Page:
Also, do not feed your children with hate and prejudice. Fill their hearts with edifying things. A senior colleague of mine, a Muslim, married a Christian, who then converted to Islam. He told me he once engaged the services of a cleric to teach his children the Qur’an every Sunday. One day, he overheard the cleric telling the children not to drink from the same cup or eat from the same plate with their aunts, who were living with them, because they were “infidels”. My colleague fired the “afa” on the spot. He remains a devout Muslim, sure, but he saw danger and immediately quenched it. This kind of hate messaging certainly fuelled the mindset that birthed Boko Haram.
This is how hate works: it focuses on what divides us rather than what unites us. If there are Qur’anic verses that say Muslims should love and care for Christians, the hate merchants will focus on where Christians are called “infidels”. If there are verses in the Bible that say “love your neighbour as yourself”, the messengers of hate will focus on “what fellowship does light have with darkness?” There is nothing you want to justify with the scriptures that you won’t find. If you truly have love in your heart, you will focus on the verses of love. The God that forbade eating four-footed creatures is the same God that ordered Apostle Peter, in a trance, to kill and eat! To the pure all things are pure.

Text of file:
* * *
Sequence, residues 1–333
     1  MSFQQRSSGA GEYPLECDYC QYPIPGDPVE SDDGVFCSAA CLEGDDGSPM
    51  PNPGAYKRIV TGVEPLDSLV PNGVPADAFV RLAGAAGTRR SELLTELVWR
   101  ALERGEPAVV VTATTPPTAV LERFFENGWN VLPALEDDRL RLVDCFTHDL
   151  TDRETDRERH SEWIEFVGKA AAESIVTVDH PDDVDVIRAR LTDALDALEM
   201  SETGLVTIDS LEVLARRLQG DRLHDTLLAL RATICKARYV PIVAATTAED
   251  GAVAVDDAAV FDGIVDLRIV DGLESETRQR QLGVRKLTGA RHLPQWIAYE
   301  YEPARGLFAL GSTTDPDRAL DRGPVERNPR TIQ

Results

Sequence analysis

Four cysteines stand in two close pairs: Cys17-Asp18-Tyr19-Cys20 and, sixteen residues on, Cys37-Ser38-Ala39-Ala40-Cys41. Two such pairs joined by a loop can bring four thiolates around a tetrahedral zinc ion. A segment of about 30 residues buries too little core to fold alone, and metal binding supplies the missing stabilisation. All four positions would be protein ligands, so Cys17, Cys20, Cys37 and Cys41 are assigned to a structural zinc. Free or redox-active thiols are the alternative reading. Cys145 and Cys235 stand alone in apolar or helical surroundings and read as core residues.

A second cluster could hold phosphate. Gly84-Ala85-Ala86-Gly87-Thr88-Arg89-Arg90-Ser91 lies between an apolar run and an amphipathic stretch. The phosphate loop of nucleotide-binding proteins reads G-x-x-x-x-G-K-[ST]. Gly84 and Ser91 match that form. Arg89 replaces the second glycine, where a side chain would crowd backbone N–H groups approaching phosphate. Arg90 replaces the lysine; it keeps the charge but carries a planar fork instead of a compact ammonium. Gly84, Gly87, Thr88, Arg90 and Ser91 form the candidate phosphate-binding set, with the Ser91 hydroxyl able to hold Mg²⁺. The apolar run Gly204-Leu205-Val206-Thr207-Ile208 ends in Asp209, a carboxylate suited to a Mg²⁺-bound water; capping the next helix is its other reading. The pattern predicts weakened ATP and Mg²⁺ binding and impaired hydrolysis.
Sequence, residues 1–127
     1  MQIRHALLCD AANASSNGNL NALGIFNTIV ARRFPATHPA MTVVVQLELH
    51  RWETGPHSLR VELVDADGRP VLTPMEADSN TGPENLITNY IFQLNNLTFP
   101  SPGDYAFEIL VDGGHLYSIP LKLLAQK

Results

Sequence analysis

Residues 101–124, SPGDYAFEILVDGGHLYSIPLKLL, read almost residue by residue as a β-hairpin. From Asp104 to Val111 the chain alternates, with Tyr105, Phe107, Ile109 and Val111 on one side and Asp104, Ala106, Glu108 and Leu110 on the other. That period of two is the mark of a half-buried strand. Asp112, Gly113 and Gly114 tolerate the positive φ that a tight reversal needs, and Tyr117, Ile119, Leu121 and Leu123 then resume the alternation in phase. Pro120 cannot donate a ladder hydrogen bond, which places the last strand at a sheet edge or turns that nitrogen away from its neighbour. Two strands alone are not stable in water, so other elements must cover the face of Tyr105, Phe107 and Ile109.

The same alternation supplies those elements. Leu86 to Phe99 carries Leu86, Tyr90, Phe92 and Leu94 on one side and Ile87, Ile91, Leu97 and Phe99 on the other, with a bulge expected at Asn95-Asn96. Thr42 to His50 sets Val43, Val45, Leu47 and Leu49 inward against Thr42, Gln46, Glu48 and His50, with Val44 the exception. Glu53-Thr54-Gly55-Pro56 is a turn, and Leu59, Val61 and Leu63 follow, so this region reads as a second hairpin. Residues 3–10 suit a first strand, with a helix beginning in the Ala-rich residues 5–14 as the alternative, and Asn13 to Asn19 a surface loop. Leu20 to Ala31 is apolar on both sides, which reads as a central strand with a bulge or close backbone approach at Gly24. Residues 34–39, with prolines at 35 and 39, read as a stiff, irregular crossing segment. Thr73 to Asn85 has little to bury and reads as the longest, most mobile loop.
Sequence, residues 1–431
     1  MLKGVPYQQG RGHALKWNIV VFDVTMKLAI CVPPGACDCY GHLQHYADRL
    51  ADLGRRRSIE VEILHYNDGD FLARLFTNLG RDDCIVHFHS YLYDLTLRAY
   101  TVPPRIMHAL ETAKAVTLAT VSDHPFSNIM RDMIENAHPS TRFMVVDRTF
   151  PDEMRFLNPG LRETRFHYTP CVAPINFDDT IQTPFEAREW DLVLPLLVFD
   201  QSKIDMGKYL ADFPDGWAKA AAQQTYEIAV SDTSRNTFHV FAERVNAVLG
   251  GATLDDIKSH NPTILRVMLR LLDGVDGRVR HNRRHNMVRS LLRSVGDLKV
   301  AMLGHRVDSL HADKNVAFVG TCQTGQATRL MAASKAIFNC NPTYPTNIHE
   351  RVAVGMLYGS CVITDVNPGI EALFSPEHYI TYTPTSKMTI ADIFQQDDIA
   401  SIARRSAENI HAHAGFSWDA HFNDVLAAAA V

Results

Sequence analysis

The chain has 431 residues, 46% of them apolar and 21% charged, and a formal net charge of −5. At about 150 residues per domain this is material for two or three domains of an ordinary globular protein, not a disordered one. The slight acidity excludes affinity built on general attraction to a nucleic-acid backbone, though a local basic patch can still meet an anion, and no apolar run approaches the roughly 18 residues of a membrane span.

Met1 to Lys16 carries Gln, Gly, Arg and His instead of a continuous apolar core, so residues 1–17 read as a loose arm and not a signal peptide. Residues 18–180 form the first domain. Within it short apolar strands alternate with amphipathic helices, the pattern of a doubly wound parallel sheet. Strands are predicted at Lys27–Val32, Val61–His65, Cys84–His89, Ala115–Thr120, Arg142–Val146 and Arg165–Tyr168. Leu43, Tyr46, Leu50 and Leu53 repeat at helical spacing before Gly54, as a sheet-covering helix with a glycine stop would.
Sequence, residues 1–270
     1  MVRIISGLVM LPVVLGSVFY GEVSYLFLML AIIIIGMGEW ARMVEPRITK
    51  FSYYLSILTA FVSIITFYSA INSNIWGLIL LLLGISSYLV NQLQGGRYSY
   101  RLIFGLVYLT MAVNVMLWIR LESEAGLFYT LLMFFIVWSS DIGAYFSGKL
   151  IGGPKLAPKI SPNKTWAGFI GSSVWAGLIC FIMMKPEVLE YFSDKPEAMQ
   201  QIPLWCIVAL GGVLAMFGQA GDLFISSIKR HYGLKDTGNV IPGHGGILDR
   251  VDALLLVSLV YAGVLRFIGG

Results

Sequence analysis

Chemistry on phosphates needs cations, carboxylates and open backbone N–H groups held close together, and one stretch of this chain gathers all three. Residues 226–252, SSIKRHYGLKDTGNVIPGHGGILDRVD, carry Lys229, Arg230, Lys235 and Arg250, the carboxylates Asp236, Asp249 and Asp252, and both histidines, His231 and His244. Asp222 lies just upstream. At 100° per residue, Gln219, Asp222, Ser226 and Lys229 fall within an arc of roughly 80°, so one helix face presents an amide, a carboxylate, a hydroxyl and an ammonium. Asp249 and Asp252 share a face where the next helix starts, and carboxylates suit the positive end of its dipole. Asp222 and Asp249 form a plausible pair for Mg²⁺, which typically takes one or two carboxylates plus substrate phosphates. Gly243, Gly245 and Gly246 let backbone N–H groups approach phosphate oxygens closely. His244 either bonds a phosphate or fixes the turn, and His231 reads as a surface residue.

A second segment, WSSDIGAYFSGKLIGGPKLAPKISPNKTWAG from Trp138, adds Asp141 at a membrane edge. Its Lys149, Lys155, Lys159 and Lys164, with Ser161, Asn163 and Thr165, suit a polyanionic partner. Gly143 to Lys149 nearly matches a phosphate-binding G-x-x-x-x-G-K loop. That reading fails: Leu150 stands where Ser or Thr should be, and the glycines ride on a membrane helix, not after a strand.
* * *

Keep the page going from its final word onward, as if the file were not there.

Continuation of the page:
And this is how prejudice works: because Chief Obafami Awolowo did not declare Oduduwa Republic in solidarity with Biafra in 1967, every Yoruba is a traitor — including the one that was born early this morning. Because an Igbo chap was arrested for 419, every Igbo person — dead, living or unborn — is a fraudster. Because Barkin Zuwo struggled with speaking English, every northerner is an illiterate; in fact, no northerner has a brain. Because of the insane activities of ISIS and Boko Haram, every Muslim is a terrorist, including your friend. Tragically, there are people that the only thing they can see in you is your language or religion, not the content of your character.